The wind speed could carry respiratory droplets for much farther distances, but could also impair the stability of the droplet and the survival of the virus, which would lead to reduced transmission. In Turkey, for instance, the wind speed with a 14-day lag, that is, as recorded 14 days before the case count of interest, showed a positive association, and this correlation is supported by some other researchers, but not by all.
Mobility Mediates Effects of Climate
The current study by a French research team finds that climate has a nonlinear effect on the viral spread, modulated by mobility, which is influenced by climatic conditions. Temperature and humidity, when examined singly, affect the case and fatality counts much less when appropriate 28-day lags are used to allow the effects of infection to appear. When all climate-related factors are modeled together, temperature and ultraviolet radiation have the strongest correlation with the pandemic.
The ultraviolet radiation was found to have an inverted U-shaped relationship with cases; only at very high levels of radiation will cases be significantly reduced.
However, when an interactive model is used, temperature, humidity, and solar radiation have strong combined negative correlations with cases and fatalities. Still, warm sunny days encourage mobility, which partly cancels out the reduction in fatality rate caused by climate factors. On the other hand, favorable temperatures reduce indoor crowding and may reduce transmission in this way.
Rather than using straightforward findings such as an increasing fatality rate with increasing mobility, and a higher case rate associated with lower mobility, it is necessary to control for reverse causation and other confounding factors. For instance, as the number of cases increases, restrictions on mobility are likely to come into play. And as lockdowns are implemented, the fatality rate comes down but over a different timescale. Thus, such factors must be taken into account.
Again, mobility will push up the number of infections in a seven-day period of sunshine, with the sunshine strengthening this effect. With a 28-day lag being applied to detect fatalities stemming from this exposure, however, the effect is more significant. This reflects the greater ability of the latter parameter to capture the change in the pandemic with the weather.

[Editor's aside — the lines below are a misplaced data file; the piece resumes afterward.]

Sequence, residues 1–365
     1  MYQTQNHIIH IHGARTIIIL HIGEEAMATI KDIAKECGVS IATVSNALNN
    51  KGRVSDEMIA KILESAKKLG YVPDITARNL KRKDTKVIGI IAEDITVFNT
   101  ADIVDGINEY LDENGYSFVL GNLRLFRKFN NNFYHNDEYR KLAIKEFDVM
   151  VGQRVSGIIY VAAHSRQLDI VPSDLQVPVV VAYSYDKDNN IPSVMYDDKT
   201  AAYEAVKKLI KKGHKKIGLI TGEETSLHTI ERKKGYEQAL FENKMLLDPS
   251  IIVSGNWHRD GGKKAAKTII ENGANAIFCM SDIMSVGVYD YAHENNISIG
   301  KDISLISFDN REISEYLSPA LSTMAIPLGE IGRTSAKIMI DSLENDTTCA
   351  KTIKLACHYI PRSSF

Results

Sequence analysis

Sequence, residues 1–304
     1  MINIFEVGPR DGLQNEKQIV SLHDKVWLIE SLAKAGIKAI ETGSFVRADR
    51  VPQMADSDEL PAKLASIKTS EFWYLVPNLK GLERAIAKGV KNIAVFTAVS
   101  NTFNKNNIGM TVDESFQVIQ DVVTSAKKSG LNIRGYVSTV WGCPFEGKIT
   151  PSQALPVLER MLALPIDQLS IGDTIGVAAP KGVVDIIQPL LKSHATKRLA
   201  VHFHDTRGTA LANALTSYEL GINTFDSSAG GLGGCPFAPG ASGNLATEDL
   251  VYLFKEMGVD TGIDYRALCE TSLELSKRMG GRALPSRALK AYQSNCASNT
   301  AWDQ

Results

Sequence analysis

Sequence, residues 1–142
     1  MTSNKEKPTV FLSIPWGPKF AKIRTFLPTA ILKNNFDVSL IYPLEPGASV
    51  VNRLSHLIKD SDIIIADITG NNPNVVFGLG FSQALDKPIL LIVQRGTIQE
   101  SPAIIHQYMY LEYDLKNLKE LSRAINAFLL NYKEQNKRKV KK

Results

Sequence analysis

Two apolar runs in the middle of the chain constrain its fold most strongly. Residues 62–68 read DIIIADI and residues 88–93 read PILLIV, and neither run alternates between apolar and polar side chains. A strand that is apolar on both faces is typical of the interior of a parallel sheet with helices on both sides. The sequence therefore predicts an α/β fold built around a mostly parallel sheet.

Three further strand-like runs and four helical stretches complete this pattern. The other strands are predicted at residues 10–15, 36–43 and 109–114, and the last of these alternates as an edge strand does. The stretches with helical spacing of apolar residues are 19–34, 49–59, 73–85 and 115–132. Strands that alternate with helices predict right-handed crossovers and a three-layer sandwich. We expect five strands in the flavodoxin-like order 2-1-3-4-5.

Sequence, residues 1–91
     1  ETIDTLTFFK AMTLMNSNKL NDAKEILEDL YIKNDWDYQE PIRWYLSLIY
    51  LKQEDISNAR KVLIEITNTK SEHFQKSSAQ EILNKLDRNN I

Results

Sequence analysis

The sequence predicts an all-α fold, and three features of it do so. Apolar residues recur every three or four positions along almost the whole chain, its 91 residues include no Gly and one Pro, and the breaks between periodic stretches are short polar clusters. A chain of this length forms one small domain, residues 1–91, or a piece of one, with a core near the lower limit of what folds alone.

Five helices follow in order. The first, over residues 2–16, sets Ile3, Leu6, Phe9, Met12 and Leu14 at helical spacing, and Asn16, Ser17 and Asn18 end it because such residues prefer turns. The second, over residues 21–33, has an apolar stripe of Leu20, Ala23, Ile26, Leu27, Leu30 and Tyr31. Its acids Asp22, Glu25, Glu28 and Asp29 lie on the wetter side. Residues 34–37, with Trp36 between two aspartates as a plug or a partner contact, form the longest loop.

The researchers point out, “Increasing individual mobility is a factor of virus spread: when more people are more mobile, the social distancing is likely to be reduced and the transmission rate to increase.”
The primary channels through which climate factors lead to alterations in the viral transmission rate are, therefore physical, and mediated by human behavior, mainly mobility. Thus, the hottest summers are likely to add only a little to the positive effects of strict physical distancing, especially since while the hot weather and solar radiation reduce viral fitness, social distancing is likely to be neglected as well as hand and face hygiene. Thus, such seasons will call for measures like mask-wearing and social distancing to be implemented more stringently.
Implications for Future Research
The researchers call for more work on air quality and pollution as other modifying factors on climate-related risk in the current model. Pollution, for instance, is known to increase the intensity of the virus. A more holistic view would lead to recommendations embracing the need to forswear unsustainable human activity, mitigate climate change, and other broad-based action to prevent interspecies transmission of such novel pathogens and thus forestall future pandemics.
medRxiv publishes preliminary scientific reports that are not peer-reviewed and, therefore, should not be regarded as conclusive, guide clinical practice/health-related behavior, or treated as established information.